I am a convert to Judaism, completely "ka halacha"
following lengthy study with an Orthodox rabbi . One of my friends has
told me that my conversion would not be recognized in a certain
community. Can this be true? Please explain. Thank you very much.
- You should not be dismayed by what any sect recognizes.
- If your conversion was performed by an orthodox rabbi, you are
- End of story.
- It is unfortunate, but many people today feel they are being MORE
religious if they support stricter, unfounded ideas. In fact, they are
distorting the Torah, not upholding it.
- I hope I can be of assistance in providing answers to any of your
questions, and give you a warm welcome on making the decision to
- You should feel comforted that many of our prayers and many Jewish
texts are the writings of King David and King Solomon, both
descendants of Ruth, who converted. Joshua, who commanded after Moses,
also married a convert.
- Hashem never cared for a person's history, what is of import to Him
is the current level of the individual. Hashem didn't create
- Man did.
- It therefore stands to reason that this is not a consideration of
- May you set an example for others as a true lover of G-d. Now, as a
- Moshe Ben-Chaim
- Thank you for your thoughtful, and prompt, response.
- I am fortunate, indeed, that I have always felt fully accepted as a
member of the Jewish people, from the time I first determined to
"convert." Actually, even over x years ago when I made my
first serious steps, I never felt that I was "converting" in
the sense of changing my deepest convictions. Rather, I felt that I
had been able to discover my elemental spiritual and religious sense,
and my community. Finding home, perhaps.
- Over the passage of time, and with the knowledge that I was (baruch
Hashem) to become a mother, I knew that I must take all steps
necessary to comply strictly with Halacha. I felt the overwhelming
responsibility to my unborn child that there be no question whatsoever
of his Jewish bona fides. So it was then, x years ago, that I came to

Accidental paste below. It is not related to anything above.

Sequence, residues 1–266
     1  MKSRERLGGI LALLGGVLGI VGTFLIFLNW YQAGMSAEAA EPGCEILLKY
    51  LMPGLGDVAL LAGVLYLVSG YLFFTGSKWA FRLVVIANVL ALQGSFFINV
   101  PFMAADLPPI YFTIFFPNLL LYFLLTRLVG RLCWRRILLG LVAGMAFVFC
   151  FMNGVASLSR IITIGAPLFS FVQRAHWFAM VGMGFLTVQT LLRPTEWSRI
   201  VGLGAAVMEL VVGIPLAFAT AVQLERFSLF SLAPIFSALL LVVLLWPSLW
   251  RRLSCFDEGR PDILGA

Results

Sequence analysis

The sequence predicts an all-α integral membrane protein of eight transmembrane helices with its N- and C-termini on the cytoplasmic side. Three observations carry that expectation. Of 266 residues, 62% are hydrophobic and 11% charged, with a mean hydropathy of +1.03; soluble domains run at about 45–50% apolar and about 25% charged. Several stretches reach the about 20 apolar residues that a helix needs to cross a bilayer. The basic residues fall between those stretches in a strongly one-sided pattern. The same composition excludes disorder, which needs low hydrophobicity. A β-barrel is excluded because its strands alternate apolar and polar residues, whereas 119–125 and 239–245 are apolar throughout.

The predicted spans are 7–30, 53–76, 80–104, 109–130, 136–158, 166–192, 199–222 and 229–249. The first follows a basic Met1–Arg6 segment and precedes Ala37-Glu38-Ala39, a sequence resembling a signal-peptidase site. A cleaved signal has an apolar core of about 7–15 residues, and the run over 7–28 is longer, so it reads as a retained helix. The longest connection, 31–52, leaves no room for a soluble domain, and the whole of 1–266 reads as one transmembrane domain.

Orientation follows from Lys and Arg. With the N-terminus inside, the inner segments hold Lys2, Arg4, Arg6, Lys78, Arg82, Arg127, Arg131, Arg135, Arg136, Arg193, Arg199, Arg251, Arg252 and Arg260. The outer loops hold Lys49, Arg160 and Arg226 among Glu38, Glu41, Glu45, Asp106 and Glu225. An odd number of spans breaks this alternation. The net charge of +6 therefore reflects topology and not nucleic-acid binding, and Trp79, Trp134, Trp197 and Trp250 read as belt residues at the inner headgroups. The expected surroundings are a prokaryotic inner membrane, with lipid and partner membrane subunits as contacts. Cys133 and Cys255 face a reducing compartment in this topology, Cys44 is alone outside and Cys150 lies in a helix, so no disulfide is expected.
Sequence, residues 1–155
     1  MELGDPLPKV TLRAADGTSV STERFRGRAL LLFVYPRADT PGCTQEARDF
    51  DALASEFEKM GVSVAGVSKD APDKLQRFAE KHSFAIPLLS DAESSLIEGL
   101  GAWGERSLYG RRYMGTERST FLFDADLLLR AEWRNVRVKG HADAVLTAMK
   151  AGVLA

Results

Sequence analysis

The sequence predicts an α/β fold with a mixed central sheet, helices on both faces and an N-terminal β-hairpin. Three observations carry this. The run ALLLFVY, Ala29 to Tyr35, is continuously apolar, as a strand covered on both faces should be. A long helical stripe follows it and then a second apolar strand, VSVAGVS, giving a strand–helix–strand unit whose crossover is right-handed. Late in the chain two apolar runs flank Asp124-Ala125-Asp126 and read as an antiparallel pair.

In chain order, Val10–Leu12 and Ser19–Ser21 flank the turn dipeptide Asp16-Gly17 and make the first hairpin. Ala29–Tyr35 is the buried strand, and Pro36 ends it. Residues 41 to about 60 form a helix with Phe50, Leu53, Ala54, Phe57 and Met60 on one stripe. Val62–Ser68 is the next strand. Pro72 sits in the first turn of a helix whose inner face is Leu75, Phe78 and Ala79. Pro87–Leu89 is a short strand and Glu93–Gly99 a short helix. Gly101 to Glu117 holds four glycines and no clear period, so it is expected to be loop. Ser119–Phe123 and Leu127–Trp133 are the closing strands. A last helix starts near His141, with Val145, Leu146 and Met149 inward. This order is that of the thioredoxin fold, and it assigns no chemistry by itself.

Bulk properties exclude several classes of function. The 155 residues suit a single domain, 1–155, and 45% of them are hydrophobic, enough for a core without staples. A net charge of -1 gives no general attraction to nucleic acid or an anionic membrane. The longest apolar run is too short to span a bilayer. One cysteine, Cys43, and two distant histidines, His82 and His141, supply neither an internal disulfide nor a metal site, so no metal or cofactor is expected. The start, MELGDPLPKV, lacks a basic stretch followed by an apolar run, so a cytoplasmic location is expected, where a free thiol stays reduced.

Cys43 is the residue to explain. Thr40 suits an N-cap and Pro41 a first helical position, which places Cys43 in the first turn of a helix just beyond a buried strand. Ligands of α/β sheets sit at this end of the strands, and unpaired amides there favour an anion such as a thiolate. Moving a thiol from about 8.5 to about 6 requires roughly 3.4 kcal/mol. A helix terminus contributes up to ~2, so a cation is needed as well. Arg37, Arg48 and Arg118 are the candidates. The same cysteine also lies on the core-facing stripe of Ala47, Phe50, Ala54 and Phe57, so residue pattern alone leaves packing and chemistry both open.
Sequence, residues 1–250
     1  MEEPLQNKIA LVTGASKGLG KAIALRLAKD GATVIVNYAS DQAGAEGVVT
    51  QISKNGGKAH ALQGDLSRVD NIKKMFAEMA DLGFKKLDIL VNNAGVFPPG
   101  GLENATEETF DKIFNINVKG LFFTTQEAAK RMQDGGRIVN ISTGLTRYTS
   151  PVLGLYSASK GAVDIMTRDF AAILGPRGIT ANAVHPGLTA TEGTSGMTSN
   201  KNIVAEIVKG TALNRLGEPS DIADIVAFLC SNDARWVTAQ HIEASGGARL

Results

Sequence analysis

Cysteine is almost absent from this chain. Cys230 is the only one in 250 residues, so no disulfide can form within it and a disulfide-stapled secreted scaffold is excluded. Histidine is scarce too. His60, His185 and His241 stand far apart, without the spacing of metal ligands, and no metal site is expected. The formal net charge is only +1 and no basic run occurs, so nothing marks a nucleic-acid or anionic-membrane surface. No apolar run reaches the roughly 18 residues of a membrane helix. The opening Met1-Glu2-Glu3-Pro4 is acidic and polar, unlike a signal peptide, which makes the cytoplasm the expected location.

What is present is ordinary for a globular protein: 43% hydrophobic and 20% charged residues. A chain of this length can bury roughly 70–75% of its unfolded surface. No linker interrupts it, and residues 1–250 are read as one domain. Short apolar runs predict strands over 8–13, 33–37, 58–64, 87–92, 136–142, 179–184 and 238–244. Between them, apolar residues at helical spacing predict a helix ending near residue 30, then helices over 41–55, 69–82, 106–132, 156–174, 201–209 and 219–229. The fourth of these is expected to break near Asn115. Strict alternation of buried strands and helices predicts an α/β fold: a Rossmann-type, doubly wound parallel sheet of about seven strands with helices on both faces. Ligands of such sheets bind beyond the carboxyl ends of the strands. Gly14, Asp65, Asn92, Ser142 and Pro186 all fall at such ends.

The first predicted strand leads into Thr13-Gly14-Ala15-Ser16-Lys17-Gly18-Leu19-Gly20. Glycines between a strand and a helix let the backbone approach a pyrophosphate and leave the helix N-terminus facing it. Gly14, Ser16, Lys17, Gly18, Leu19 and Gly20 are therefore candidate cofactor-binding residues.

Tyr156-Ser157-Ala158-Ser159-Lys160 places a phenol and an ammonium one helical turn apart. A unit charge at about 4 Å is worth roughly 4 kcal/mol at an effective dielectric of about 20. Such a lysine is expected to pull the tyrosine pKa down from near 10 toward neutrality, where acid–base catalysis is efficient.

understand more clearly the need to insure for my family and myself
adherence to Halacha and a Torah way of life. I say that, I hope, with
humility, because I know deeply that teshuvah is a process.
- So I very much appreciated your warm words and comforting response.
Still, since I believe that I do have a "yiddishe kop," I
also read between the lines of your response. It was a gentile friend
who suggested to me that some sects, at least, might not recognize my
Jewishness. It is not that I have any doubt in my heart or my mind of
myself, but rather that I am interested to know exactly on what basis
some Jews might have that belief.
- I would like to have the understanding of the position, even if it
is not one with which you (or I) agree. In general, to your knowledge,
would such a person recognize my son as a Jew?
- Your further counsel would be most meaningful. Thank you in advance
for your time and attention.
- It should be of no consequence whether another human being
recognizes your status, or that of your son. Any talmud chocham would
definitely recognize both yourself and your son as Jews. If they
don't, it is their mistake.
- I do not see any reason why one would hold a view which G-d doesn't
- Follow-up Remark:
- Thank you from the bottom of my heart. Your answer made me laugh out
- with joy.
- Sincerely, An.